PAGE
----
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The Multiple Dimensions of Tunnel Vision in Criminal Cases


Keith A. Findley


University of Wisconsin Law School

Michael S. Scott


University of Wisconsin Law School


Wisconsin Law Review, Vol. 2, 2006
Univ. of Wisconsin Legal Studies Research Paper No. 1023

Abstract:     
The 170-plus postconviction DNA exonerations of the last 15 years have exposed numerous problems that have contributed to convicting the innocent. The specific problems include eyewitness error and flawed eyewitness procedures, false confessions, forensic error or fraud, police and prosecutor misconduct, inadequate defense counsel, jailhouse snitch testimony, and others. A theme running through almost every case, that touches each of these individual causes, is the problem of tunnel vision.

Tunnel vision is a natural human tendency with particularly pernicious effects in the criminal justice system. This Article analyzes tunnel vision at various points in the criminal process, from police investigation through trial, appeal, and postconviction review. The Article examines the causes of tunnel vision in three domains. First, tunnel vision is the product of natural human tendencies - cognitive distortions that make it difficult for human beings in any setting to remain open-minded. Second, institutional or role pressures inherent in the adversary system can exacerbate the natural cognitive biases, and induce actors to pursue a particular suspect too soon or with too much zeal. Finally, in some ways the criminal justice system embraces tunnel vision as a normative matter; it demands or teaches tunnel vision overtly, as a matter of policy or rule. This Article concludes by examining possible corrective measures that might be adopted to mitigate the effects of tunnel vision.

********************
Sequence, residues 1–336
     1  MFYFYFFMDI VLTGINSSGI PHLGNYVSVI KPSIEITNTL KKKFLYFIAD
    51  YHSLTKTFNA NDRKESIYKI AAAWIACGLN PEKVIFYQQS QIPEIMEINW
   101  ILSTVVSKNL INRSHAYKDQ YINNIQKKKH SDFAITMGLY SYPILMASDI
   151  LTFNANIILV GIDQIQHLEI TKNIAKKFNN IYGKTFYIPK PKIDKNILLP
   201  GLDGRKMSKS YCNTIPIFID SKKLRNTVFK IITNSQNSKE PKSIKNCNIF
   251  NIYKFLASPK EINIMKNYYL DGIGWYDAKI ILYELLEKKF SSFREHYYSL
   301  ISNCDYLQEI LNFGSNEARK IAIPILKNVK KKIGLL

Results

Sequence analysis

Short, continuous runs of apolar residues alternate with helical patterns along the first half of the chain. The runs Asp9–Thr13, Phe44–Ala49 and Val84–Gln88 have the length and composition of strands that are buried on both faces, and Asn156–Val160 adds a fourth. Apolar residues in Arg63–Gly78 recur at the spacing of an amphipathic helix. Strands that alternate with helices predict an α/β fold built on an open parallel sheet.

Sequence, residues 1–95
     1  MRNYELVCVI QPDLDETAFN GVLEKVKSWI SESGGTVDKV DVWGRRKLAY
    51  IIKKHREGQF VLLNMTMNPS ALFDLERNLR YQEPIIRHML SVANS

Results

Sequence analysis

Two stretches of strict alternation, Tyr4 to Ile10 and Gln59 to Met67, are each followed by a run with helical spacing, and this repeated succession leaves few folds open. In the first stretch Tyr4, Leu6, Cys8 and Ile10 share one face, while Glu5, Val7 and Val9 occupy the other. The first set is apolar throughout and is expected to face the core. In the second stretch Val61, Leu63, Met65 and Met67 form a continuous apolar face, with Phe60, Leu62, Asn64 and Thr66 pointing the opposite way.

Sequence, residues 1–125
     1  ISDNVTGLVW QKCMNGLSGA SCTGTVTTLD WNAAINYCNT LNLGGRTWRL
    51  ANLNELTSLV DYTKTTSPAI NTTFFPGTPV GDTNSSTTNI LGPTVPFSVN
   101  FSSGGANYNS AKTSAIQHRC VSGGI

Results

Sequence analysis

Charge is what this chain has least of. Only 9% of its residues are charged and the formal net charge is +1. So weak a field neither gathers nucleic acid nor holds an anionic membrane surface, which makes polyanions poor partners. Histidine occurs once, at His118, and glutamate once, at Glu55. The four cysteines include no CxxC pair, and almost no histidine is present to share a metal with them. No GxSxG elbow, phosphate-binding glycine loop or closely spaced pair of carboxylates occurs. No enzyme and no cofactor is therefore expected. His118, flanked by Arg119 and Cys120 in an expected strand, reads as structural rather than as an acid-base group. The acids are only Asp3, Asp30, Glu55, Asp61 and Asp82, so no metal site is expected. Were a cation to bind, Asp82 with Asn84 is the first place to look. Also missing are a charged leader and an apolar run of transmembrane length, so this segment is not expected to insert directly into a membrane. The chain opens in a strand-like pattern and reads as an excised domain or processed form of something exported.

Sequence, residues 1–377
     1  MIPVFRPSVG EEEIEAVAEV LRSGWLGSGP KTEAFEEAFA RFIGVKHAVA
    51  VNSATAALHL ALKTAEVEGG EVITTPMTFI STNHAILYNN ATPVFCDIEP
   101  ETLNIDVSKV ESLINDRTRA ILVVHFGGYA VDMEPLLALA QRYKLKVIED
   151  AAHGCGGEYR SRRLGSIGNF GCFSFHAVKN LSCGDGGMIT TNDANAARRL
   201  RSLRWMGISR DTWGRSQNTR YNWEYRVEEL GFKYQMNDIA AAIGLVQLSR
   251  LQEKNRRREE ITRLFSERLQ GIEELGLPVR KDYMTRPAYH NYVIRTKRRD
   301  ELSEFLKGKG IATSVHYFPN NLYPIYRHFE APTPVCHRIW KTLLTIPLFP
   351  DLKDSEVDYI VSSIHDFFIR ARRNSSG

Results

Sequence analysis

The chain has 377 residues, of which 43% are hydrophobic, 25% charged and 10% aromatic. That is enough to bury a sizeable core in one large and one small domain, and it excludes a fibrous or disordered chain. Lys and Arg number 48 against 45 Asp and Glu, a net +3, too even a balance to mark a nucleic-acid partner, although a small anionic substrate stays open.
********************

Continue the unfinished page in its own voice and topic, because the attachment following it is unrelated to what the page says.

Number of Pages in PDF File: 108

Keywords: tunnel vision, wrongful convictions, innocence, cognitive distortions

JEL Classification: K14

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Date posted: June 23, 2006  

Suggested Citation

Findley, Keith A. and Scott, Michael S., The Multiple Dimensions of Tunnel Vision in Criminal Cases. Wisconsin Law Review, Vol. 2, 2006; Univ. of Wisconsin Legal Studies Research Paper No. 1023. Available at SSRN: http://ssrn.com/abstract=911240

Contact Information

Keith A. Findley (Contact Author)
University of Wisconsin Law School ( email )
975 Bascom Mall
Madison, WI 53706
United States
608-262-4763 (Phone)
608-263-3380 (Fax)
HOME PAGE: http://www.law.wisc.edu/facstaff/biog.php?iID=269
Michael S. Scott
University of Wisconsin Law School ( email )
975 Bascom Mall
Madison, WI 53706
United States
(608) 238-2844 (Phone)
(608) 238-2843 (Fax)
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